By Peter Andrews, Irish science journalist and writer based in London. He has a background in the life sciences, and graduated from the University of Glasgow with a degree in genetics.
Whatever the eventual impact of the coronavirus, one thing has become apparent: when governments are the gatekeepers of data-gathering, there is no reliable source of information on the scale of the pandemic.
It did not take long for a war of information to break out over the true extent of Covid-19. Every morning, we wake up to the freshest figures for our own country. Another few hundred or thousand new cases, depending on where you live, and a fraction as many deaths. Every day, the colour-coded curves corresponding to the cases in various countries creep one day further into the future, like breakers approaching a beach.
But there is no way of comparing different countries’ statistics, based as they are on processes so riddled with holes and flaws that they may as well be guesswork. Obviously, comparing Italy and Belarus is comparing apples with oranges – the populations and the timelines of the pandemics in these countries are wildly different, so inferring results from their response plans is pointless.
In the same way, though, comparing Italy to a more superficially similar country, like Spain, is just as meaningless. Because their testing systems and data reporting vary, there is no way to glean any useful information, for example, about whether their lockdown measures have helped. The Mail on Sunday columnist Peter Hitchens has been terrier-like in his assertion that there is no known causal relationship between lockdown measures and fewer deaths, which has not made him any friends in the mainstream media.
Furthermore, there are too many unknowns about the virus itself and, as a brand new strain previously unknown to humans, attempts to understand it have come from a standing start. Every new piece of research seems to raise more questions than it answers. Are most people asymptomatic carriers? How long are people contagious for? Are there many strains or just one? And how deadly is it in comparison to the flu? It is likely to be a year or more before we know – such is the nature of scientific research. Until then, we will have to embrace our ignorance.
From the beginning, seemingly obvious inconsistencies and impossibilities came through the mainstream media. The most basic figures on case and death numbers did not stand up to the simplest back-of-the-envelope calculations. How could the mortality rate in Italy be 20 times what it was across the border in Germany?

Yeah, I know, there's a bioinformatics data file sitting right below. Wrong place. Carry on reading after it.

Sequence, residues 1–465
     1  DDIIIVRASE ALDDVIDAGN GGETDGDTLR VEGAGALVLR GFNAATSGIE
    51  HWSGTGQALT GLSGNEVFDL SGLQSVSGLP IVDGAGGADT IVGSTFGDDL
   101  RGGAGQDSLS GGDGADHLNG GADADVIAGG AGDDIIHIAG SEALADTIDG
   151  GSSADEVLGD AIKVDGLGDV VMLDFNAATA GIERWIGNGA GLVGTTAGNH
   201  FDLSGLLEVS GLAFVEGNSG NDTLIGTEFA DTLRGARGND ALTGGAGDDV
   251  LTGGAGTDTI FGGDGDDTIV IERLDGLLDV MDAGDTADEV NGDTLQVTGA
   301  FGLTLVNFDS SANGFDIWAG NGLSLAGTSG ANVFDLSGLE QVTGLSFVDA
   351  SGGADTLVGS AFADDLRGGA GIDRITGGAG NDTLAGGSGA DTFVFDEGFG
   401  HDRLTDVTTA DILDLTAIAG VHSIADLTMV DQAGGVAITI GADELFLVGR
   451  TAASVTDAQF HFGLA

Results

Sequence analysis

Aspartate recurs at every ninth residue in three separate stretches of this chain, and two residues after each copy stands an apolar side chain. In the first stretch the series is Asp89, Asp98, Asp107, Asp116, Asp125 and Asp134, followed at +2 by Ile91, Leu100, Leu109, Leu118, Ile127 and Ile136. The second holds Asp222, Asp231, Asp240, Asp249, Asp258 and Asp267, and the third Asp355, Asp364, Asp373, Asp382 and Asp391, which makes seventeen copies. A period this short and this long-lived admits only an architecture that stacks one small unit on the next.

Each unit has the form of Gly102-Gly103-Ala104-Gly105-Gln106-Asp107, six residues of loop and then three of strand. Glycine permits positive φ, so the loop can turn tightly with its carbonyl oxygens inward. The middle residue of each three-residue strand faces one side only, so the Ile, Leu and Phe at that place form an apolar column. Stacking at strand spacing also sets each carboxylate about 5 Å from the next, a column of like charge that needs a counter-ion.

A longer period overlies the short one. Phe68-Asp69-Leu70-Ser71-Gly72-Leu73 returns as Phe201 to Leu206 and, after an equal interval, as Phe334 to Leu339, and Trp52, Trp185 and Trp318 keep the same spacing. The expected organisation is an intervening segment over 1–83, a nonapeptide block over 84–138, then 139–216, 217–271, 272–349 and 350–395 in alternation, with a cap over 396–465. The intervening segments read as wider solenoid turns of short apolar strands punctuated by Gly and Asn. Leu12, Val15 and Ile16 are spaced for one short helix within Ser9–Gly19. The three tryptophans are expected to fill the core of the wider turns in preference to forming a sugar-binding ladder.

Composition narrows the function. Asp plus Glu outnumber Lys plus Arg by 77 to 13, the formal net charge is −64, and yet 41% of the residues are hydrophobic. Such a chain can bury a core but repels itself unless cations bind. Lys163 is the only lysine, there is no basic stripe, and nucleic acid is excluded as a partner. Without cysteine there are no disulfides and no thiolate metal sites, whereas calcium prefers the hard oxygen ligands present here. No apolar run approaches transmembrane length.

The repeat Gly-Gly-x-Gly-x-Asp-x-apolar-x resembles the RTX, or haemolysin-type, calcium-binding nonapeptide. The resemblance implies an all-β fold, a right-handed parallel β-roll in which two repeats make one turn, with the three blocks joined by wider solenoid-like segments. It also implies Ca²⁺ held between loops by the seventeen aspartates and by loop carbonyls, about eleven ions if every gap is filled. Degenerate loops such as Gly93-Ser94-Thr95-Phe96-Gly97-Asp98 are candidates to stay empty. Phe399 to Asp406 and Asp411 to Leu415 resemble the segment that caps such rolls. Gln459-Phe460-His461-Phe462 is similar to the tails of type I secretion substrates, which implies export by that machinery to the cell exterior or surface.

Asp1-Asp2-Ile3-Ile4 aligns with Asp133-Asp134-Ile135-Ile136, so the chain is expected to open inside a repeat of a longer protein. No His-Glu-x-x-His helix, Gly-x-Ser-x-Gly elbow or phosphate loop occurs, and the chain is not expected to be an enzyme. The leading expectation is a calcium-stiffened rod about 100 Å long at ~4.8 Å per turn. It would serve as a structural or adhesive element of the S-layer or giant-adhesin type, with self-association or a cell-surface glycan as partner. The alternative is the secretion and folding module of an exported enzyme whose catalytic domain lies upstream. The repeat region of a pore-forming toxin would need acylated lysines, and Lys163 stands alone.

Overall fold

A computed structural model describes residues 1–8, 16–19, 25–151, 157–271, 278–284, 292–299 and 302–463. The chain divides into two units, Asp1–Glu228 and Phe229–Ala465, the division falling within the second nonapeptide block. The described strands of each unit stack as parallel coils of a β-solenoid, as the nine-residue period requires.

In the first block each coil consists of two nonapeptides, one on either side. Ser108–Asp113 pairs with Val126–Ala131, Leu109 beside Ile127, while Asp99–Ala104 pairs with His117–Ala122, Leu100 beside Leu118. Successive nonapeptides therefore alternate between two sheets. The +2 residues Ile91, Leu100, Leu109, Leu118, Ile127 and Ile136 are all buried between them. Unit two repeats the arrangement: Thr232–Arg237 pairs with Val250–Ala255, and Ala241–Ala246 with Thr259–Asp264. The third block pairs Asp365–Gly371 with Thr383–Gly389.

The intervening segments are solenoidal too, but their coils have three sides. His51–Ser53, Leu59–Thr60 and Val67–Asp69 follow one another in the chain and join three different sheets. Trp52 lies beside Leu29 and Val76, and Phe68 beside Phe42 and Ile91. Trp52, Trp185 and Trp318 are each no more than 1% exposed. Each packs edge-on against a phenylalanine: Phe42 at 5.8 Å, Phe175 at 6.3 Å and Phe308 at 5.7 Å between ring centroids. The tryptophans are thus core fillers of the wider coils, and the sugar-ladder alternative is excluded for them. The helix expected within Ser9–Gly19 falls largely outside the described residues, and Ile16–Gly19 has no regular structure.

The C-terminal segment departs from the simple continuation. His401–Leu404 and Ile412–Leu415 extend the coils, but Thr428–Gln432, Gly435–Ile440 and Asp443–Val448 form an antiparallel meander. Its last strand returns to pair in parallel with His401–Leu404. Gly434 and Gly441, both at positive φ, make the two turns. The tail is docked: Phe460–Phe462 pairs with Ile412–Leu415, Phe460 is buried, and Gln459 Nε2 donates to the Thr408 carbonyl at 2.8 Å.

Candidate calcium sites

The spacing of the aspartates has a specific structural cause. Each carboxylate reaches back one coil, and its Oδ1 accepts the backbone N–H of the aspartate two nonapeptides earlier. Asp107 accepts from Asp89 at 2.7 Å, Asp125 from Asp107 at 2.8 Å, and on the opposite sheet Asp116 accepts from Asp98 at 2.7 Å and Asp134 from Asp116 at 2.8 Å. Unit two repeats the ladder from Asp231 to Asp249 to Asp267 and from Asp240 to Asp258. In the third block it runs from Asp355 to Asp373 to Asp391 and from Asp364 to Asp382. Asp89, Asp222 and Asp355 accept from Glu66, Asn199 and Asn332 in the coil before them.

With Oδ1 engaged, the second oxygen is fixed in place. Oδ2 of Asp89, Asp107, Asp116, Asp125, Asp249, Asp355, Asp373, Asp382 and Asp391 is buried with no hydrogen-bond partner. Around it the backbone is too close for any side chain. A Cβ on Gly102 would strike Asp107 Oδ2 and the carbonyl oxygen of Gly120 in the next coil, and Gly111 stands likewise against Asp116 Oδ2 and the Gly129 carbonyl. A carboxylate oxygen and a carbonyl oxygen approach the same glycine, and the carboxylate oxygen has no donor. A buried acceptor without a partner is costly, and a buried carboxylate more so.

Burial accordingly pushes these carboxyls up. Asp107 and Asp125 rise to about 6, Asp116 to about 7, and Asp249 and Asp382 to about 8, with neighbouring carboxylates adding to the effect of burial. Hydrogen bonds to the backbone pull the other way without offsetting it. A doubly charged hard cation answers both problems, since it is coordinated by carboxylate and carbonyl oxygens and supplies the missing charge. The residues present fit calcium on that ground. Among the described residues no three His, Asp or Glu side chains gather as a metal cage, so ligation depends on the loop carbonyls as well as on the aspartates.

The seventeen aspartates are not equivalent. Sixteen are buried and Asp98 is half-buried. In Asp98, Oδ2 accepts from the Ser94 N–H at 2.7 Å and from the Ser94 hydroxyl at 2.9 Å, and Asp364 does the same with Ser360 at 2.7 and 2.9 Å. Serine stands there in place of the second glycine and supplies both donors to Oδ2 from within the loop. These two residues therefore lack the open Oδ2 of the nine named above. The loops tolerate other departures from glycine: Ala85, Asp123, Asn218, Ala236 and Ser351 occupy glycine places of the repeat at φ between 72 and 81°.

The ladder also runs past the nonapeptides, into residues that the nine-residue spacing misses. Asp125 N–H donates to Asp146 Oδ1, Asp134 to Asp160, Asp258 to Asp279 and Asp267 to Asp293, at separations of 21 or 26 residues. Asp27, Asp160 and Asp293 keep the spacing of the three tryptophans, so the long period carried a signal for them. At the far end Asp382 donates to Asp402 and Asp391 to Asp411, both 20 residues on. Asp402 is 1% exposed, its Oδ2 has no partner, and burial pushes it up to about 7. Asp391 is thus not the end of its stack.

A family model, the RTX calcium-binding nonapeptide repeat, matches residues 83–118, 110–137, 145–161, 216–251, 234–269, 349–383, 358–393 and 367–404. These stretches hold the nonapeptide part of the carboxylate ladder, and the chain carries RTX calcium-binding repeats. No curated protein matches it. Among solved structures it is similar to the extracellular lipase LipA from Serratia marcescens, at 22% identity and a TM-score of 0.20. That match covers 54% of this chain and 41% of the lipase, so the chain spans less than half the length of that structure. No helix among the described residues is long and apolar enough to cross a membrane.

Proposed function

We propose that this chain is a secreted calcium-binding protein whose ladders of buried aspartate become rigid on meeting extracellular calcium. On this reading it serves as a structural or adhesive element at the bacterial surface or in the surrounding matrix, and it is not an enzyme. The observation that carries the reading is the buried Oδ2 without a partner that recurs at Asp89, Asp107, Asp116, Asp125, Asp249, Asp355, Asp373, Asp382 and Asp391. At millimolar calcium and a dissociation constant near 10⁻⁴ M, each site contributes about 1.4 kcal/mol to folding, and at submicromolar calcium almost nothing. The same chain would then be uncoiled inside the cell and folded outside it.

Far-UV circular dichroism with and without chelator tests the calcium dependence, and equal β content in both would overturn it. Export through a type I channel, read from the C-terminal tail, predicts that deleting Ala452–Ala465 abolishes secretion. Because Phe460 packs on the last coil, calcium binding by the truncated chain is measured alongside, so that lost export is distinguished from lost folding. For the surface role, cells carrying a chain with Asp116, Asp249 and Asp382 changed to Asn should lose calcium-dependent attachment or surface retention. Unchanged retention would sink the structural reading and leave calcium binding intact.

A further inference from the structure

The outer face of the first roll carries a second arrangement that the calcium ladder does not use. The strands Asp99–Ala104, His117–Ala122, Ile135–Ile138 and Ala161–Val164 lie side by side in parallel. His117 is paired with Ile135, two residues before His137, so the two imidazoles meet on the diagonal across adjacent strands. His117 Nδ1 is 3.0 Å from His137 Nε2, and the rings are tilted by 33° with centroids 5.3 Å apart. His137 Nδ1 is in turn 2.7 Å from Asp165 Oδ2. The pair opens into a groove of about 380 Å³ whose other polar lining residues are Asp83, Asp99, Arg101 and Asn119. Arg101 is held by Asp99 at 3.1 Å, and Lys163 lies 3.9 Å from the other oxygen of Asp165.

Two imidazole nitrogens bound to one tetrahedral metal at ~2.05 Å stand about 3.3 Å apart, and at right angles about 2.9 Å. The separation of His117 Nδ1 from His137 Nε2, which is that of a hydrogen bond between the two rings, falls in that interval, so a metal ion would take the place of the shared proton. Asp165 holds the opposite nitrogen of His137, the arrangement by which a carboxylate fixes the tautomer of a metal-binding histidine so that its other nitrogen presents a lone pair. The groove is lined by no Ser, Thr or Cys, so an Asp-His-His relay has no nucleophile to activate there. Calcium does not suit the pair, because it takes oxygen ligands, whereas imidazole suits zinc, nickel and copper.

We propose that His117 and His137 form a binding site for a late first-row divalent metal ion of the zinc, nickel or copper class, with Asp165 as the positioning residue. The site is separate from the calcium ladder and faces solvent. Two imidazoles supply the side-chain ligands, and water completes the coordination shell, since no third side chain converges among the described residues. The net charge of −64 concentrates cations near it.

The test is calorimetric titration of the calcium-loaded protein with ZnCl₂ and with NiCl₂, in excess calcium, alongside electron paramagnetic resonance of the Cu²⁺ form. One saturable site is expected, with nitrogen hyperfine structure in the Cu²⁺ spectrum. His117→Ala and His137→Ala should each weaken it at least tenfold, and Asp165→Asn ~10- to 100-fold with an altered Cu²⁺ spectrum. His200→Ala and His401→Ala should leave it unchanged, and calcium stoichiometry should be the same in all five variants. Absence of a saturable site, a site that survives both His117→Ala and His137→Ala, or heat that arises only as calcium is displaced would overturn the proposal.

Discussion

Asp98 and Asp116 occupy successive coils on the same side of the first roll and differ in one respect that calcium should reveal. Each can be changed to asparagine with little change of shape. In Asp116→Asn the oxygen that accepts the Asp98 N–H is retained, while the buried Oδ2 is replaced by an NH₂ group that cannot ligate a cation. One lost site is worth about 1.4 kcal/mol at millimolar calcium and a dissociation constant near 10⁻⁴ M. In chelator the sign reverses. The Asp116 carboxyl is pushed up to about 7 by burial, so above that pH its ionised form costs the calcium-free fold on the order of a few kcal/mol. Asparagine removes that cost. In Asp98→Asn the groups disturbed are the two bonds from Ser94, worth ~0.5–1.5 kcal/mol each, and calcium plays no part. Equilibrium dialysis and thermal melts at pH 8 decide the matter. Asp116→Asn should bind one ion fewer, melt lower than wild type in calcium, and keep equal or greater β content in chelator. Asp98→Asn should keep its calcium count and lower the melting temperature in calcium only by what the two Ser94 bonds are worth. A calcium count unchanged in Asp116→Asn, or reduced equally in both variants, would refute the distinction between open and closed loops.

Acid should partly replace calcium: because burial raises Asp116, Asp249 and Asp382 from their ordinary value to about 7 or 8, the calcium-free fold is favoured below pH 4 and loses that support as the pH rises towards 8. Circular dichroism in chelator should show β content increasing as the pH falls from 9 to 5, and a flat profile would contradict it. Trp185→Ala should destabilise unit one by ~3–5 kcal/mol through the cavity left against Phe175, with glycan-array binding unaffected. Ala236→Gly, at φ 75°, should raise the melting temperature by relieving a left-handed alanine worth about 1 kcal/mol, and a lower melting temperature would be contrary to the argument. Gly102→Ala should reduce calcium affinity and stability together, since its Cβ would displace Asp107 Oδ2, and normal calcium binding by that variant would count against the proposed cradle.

Many people questioned the figures coming out of China, and they were right to do so. It is impossible to trust the Chinese government on matters of fact at the best of times, and when they felt backed into a corner – as they did when one of their major cities spawned this virus – they had every motivation to downplay the scale of the crisis. There is a danger, though, that in scapegoating China as the world’s only haven of lies and propaganda, people will automatically take at face value information from governments they trust more, such as their own. This would be a mistake, no matter what country one is in.
Consider one element which is key to the statistic-gathering process: testing. In the simplest terms, a population contains people who have not yet been exposed to the virus, people who currently have the virus, and people who have had the virus but who are now recovered. On any given day, some of the people who have not yet been exposed to the virus contract it, and some will have symptoms of Covid-19 (with a broad range of severity, as we know).
What we would like to know is how many of those people there were today, ie. the number of new cases. Switch on the television and the news will be confidently reporting today’s figure. But in fact, this information is utterly unknowable. There is no mechanism by which all of these people could or would report for testing once they feel sick, because there is a global shortage of testing kits. And even if the right people were tested, there is currently no way of knowing how accurate the tests are – to find out the proportion of false negatives, you would need a test to test the tests.
Moreover, the tests, once done, have to be processed in some way to get the results. This is taking days or weeks for ordinary, non-celebrity people, but there is a suggestion that after a few days the positive tests actually turn negative, that the virus dies on the swab and does not show up in results. All of these possible points of failure are only to do with the testing. And it is on this basic premise that all other official and governmental statistics are based. Therefore, not trusting facts and figures is not a question of paranoia; it is a question of realism.
William Goldman, the legendary screenwriter of ‘Butch Cassidy and the Sundance Kid’ and ‘The Princess Bride’, had a personal motto for understanding Hollywood. It was: “Nobody knows anything.” He did not live to see the present crisis, but his words of wisdom apply to the coronavirus too. Nobody knows anything, least of all the experts and politicians who are paid to regularly pontificate on the subject.
We have all been guilty of trying to pretend we know more than we really do. It is the natural human response in a crisis to try to understand. Our greatest adaptation, the thing that separates us from the animals and makes us who we are as a species, is our intellect. With our minds we have conquered the world, dominated every other animal, and subjugated the rivers, mountains and oceans to our will. How ironic then, that one of nature’s smallest organisms, invisible to us, has sent us into a tailspin. We are still subject to the whims of nature, and we would do well to remember that.